A sculpted lamb in a Moorish-inspired fountain. A warbler in an orange tree. The distinctive rhythms of two Flamenco guitars played by a master and a talented student echoing through arcaded porticoes.
Even in the rain,it could be Seville. Or even the Alhambra during the fifteenth century. Anyplace where serenity and art are a foundation of life.
I am sitting in the courtyard of the Escula de Belles Artes (School of Fine Arts) in San Miguel de Allende. Once a monastery for the attached La Concepción church. And about as far away from Melaque as a soul can stroll. Where the coins of naivete are exchanged for sophistication in large denominations.
Not complete sophistication, though. After all, this is Mexico. The Flamenco has now morphed into that travelogue ditty -- México en la piel. Perhaps, proving all sophistication is skin deep.
But this is not a place to sit. The building is two stories of almost every form of art.
The guitar rooms with the guitarists who have been entertaining me over the past hour. Piano rooms. Textile rooms. Strings pulled together to please the ear and eye.
As nice as the second floor offerings are, it was the first floor that drew me here. There are two large galleries perfect for displaying sculpture and painting.
Both galleries are currently displaying the works of San Miguel de Allende artist David Kestenbaum. You already saw his bull sculpture -- in Thursday's post.
His work is quite varied. The sculptures are of metal, wood, or stone. Each piece capturing the strengths of its medium. And a bit of the artist's whimsy.
His paintings are both abstract and representational. Large and small.
The show continues through the end of the year.
The building also has some permanent works. Murals. Mostly of a rather primitive nature, by some early art students of the school.
I have been waiting for three years to see the most important mural, though. And it is not even a finished product.
In 1949, Davíd Siqueiros, one of the triumvirate of Mexican muralists (along with Diego Rivera and José Clemente Orozco) began a mural while he was teaching at the school. When finished, the mural was to encapsulate the ceiling and walls of the nuns' rectory.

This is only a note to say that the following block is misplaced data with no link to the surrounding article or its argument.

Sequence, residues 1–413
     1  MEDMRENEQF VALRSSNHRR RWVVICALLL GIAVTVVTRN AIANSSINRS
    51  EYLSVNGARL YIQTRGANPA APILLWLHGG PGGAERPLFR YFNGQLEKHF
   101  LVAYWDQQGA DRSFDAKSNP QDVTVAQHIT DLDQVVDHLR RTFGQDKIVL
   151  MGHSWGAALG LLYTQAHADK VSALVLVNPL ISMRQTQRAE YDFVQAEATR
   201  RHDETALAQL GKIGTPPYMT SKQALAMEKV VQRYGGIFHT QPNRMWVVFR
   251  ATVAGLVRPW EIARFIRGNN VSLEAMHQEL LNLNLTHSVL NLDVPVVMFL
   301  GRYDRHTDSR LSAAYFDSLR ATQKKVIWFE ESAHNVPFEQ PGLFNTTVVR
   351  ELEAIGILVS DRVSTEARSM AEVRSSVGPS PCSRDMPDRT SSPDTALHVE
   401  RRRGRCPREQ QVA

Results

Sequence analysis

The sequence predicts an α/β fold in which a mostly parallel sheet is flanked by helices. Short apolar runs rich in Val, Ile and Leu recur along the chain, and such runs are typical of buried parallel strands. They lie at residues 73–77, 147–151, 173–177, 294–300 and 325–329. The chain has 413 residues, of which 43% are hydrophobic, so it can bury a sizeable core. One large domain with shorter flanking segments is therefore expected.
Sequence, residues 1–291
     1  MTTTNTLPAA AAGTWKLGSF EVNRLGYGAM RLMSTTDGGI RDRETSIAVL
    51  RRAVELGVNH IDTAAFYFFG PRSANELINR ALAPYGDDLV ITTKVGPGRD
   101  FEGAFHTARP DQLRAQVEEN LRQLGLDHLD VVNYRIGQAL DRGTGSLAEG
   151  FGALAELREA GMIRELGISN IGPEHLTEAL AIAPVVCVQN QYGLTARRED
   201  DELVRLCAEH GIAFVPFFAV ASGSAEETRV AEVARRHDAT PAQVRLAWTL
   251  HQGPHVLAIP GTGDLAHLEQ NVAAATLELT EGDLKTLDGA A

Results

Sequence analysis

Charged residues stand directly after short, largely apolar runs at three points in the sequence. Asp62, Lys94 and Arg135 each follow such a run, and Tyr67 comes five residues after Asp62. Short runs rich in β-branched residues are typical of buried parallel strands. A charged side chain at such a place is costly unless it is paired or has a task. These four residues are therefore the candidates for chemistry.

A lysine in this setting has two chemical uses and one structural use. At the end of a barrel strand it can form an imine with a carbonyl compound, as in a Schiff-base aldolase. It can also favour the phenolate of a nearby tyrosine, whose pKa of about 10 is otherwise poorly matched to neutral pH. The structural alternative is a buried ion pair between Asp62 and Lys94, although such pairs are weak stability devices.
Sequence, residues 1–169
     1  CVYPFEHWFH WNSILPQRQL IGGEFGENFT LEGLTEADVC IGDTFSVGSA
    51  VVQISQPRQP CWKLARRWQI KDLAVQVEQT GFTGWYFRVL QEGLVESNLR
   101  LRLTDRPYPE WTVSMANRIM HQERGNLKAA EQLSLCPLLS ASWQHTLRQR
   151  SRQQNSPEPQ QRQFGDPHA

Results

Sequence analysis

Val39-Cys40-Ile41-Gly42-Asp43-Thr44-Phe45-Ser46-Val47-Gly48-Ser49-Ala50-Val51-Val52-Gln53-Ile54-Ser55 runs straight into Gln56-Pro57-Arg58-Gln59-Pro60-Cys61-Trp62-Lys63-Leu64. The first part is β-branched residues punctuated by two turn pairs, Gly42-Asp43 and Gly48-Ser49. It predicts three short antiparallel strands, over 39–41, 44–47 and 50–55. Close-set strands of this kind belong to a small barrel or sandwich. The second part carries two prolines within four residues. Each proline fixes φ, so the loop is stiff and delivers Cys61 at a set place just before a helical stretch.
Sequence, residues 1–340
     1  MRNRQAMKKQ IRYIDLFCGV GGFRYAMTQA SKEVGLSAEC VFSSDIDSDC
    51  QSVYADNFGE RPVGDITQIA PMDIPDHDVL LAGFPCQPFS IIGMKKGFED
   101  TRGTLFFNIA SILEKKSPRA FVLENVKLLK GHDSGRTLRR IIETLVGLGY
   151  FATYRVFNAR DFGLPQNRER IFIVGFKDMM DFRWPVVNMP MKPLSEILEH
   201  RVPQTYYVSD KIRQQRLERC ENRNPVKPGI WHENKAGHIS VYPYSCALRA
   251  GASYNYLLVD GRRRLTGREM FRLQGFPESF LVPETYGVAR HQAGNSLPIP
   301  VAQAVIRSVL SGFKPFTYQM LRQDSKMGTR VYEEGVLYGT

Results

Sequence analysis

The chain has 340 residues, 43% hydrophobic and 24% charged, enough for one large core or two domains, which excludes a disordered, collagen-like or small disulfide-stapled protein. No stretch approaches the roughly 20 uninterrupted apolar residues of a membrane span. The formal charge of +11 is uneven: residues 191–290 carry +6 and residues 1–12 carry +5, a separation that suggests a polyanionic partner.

He never completed it. Like most of these tales, there are many versions.
Siqueiros was obsessive about his Communist politics. Obsessive enough that he was one of the people who executed the failed assassination plot against Trotsky. He would have felt at home in Orwell's Animal Farm.
At the time he taught in San Miguel Allende, a large number of the students were American GIs -- just returned from battling the fascists. We know he threw one of them down a stairwell in an argument. An inevitable disagreement with the school's administration caused his departure -- and the mural's permanent unfinished state -- leaving it right up there with Schubert.
Siqueiros mapped out the perspective and focus lines on the walls. You can still see them against the blocks of paint he completed.
The finished mural undoubtedly would have been filled with paeans to dialectical materialism and images of how the Mexican Revolution was betrayed by its leaders. That was his schtick.
For all of that, though, he was a masterful muralist. I am a bit disappointed he did not complete it. But I am even happier to have finally seen its bones.
Flamenco probably would have been far to bourgeois for Siqueiros's tastes. Certainly México en la piel would have.
But not for me. After all, I am just a poor pensioner trying to make his way through a confusing world. That is why I find little surprises like this in art galleries, ready to drive away all stuffiness, to be exactly why I love Mexico.